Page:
internals.rdoc

doc/internals.rdoc
Last Update: 2017-04-14 09:49:49 -0700

Rodauth Internals

Rodauth's implementation heavily uses metaprogramming in order to DRY up the codebase, which can be a little intimiting to developers who are not familiar with the codebase. This guide explains how Rodauth is built, which should make the internals easier to understand.

Object Model

First, let's talk about the basic parts of Rodauth.

Rodauth::Auth

Rodauth::Auth is the core of rodauth. If a user calls rodauth inside their Roda application, they get a Rodauth::Auth subclass instance. Rodauth's configuration DSL is designed to build a Rodauth::Auth subclass appropriate to the application, by loading only the features that are needed, and overriding defaults as appropriate.

Rodauth::Configuration

Inside the block you pass to plugin :rodauth, self is an instance of this class. This class is mostly empty, as most of Rodauth is implemented as separate features, and the configuration for each feature is loaded as a separate module into this instance.

Rodauth::Feature

Each of the parts of rodauth that you can use is going to be a separate feature. Rodauth::Feature is a Module subclass, and every feature you load is included in the Rodauth::Auth subclass used by the Roda application. Rodauth::Feature has many methods designed to make building Rodauth features easier by defining methods in the Rodauth::Feature instance.

Rodauth::FeatureConfiguration

Just as each feature is a module included in the Rodauth::Auth subclass for the application, each feature also contains a configuration module that is an instance of Rodauth::FeatureConfiguration (also a module subclass). For each feature you load into the Rodauth configuration, the Rodauth::Configuration instance is extended with the feature's Rodauth::FeatureConfiguration instance, which is what makes the feature's configuration methods available inside the plugin :rodauth block. This is why you need to enable the features in Rodauth before configuring them.

Object Model Example

Here's some commented output hopefully showing the relation between the different parts

Roda.plugin :rodauth do
  self                       # => #<Rodauth::Configuration> (instance)
  auth                       # => Rodauth::Auth subclass

  singleton_class.ancestors  # => [#<Class:#<Rodauth::Configuration>> (singleton class of self),
                             #     Rodauth::FeatureConfiguration::Base (instance of Rodauth::FeatureConfiguration),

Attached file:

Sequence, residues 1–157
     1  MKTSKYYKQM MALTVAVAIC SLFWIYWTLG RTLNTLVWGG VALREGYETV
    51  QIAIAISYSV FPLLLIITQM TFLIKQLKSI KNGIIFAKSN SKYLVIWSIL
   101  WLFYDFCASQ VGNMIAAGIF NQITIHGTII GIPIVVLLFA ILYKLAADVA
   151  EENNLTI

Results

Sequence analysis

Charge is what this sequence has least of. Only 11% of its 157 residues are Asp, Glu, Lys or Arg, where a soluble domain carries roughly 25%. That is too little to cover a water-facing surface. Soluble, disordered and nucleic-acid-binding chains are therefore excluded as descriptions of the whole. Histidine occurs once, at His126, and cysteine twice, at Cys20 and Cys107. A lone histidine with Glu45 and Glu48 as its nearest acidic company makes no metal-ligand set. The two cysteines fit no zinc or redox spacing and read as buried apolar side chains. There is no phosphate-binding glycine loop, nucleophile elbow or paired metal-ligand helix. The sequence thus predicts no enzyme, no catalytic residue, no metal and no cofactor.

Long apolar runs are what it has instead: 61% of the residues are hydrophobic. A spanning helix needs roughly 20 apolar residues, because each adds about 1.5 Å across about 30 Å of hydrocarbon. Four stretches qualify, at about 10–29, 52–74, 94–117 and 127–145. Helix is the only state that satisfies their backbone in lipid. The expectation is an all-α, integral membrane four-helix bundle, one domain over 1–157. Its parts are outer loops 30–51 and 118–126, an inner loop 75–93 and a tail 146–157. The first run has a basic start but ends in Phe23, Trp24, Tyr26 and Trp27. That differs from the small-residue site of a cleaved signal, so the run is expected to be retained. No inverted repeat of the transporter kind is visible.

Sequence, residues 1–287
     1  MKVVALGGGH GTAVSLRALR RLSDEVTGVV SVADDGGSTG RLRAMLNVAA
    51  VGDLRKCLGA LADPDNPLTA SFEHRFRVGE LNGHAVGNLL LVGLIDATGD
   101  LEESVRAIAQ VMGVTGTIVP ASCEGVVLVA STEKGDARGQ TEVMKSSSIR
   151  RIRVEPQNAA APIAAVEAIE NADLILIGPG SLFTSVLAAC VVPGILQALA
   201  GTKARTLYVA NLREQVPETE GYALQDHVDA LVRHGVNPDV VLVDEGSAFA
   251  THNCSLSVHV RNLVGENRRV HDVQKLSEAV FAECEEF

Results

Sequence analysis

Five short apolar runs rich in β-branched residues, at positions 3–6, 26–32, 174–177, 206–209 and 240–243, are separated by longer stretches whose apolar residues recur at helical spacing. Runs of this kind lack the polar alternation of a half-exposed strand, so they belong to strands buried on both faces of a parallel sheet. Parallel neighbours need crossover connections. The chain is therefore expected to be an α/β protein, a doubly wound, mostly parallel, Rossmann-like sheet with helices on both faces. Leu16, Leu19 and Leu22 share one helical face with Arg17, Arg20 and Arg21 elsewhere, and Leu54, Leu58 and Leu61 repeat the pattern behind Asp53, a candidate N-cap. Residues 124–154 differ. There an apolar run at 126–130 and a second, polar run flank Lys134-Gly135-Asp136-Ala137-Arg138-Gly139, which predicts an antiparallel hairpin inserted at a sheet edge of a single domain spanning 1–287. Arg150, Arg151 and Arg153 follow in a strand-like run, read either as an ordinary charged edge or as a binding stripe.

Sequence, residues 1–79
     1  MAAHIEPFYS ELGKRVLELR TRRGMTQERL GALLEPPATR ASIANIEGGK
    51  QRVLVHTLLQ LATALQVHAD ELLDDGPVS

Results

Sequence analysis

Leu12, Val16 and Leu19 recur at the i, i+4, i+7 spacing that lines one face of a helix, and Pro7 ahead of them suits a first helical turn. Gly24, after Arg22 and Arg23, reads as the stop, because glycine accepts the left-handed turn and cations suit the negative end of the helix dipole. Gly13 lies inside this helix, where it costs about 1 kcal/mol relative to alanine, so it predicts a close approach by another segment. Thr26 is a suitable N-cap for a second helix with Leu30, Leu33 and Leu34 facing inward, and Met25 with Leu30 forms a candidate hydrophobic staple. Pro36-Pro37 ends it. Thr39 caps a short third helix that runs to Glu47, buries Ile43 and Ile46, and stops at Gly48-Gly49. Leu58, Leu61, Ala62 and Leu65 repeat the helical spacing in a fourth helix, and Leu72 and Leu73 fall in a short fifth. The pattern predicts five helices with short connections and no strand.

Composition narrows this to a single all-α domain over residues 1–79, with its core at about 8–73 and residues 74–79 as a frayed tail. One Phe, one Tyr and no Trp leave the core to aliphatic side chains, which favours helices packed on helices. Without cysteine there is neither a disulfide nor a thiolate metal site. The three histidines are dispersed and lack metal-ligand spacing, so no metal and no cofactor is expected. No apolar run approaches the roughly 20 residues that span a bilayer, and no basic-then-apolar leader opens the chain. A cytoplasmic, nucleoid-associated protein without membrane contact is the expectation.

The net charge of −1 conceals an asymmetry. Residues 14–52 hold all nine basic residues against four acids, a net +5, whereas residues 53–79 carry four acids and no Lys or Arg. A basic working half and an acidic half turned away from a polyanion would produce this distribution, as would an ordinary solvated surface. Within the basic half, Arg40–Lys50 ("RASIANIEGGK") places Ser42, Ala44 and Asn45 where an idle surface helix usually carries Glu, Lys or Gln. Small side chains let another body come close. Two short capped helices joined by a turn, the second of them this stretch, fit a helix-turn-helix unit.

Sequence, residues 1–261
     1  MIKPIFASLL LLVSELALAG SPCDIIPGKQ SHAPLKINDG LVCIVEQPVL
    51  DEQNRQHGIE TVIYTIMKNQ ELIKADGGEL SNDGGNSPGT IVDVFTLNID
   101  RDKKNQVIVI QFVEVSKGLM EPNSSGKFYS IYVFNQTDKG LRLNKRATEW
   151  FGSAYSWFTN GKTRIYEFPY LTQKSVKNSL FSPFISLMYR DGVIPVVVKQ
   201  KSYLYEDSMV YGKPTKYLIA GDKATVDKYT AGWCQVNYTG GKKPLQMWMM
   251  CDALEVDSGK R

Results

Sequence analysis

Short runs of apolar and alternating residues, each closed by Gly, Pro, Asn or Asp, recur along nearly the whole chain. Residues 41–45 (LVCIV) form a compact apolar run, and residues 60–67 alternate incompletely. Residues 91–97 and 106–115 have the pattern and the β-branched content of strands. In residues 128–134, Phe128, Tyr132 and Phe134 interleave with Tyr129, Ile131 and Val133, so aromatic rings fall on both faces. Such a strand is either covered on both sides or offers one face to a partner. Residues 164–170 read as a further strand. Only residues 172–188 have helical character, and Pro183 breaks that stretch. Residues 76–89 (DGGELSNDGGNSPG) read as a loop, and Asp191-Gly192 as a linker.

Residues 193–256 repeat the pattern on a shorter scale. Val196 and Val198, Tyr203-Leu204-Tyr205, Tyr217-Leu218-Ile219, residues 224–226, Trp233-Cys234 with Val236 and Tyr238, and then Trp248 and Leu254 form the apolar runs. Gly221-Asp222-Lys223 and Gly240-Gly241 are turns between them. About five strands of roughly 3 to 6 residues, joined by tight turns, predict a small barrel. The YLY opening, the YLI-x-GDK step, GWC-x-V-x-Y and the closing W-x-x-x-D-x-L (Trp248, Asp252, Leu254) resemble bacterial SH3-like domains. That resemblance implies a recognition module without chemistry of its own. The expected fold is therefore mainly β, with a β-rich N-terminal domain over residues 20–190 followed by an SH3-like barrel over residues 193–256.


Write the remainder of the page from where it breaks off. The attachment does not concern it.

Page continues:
#     Rodauth::Configuration,
                             #     ...]
  auth.ancestors             # => [Rodauth::Auth subclass,
                             #     Rodauth::Base (instance of Rodauth::Feature),
                             #     Rodauth::Auth,
                             #     ...]

  enable :login

  singleton_class.ancestors  # => [#<Class:#<Rodauth::Configuration>> (singleton class of self),
                             #     Rodauth::FeatureConfiguration::Login (instance of Rodauth::FeatureConfiguration),
                             #     Rodauth::FeatureConfiguration::Base (instance of Rodauth::FeatureConfiguration),
                             #     Rodauth::Configuration,
                             #     ...]
  auth.ancestors             # => [Rodauth::Auth subclass,
                             #     Rodauth::Login (instance of Rodauth::Feature),
                             #     Rodauth::Base (instance of Rodauth::Feature),
                             #     Rodauth::Auth,
                             #     ...]
end

Roda.rodauth                 # => Rodauth::Auth subclass
Roda.rodauth.ancestors       # => [Rodauth::Auth subclass,
                             #     Rodauth::Login (instance of Rodauth::Feature),
                             #     Rodauth::Base (instance of Rodauth::Feature),
                             #     Rodauth::Auth,
                             #     ...]

Roda.route do |r|
  rodauth                    # => Rodauth::Auth subclass instance
end

Feature Creation Example

Here's a heavily commented example showing what is going on inside a Rodauth feature.

module Rodauth
  # Feature.define takes a symbol, specifying the name of the feature. This
  # is the same symbol you would pass to enable when loading the feature into
  # the Rodauth configuration.  Feature is a module subclass, and Feature.define
  # is a class method that creates an instance of Feature (a module) and executes
  # the block in the context of the Feature instance.
  #
  # The second argument is optional, and sets the Feature instance and related
  # FeatureConfiguration instance to a constant in the Rodauth namespace, which
  # makes it easier to locate via inspect.
  Feature.define(:foo, :Foo) do
    # Inside this block, self is an instance of Feature.  As this instance of
    # Feature will be included in the Rodauth::Auth subclass instance if
    # the feature is loaded into the rodauth configuration, methods you define
    # in this block (via def or define_method) will be callable on any
    # rodauth object if this feature is loaded into the rodauth configuration.

    # Feature has many instance methods that define methods in the Feature
    # instance.  This is one of those methods, which sets the text of the notice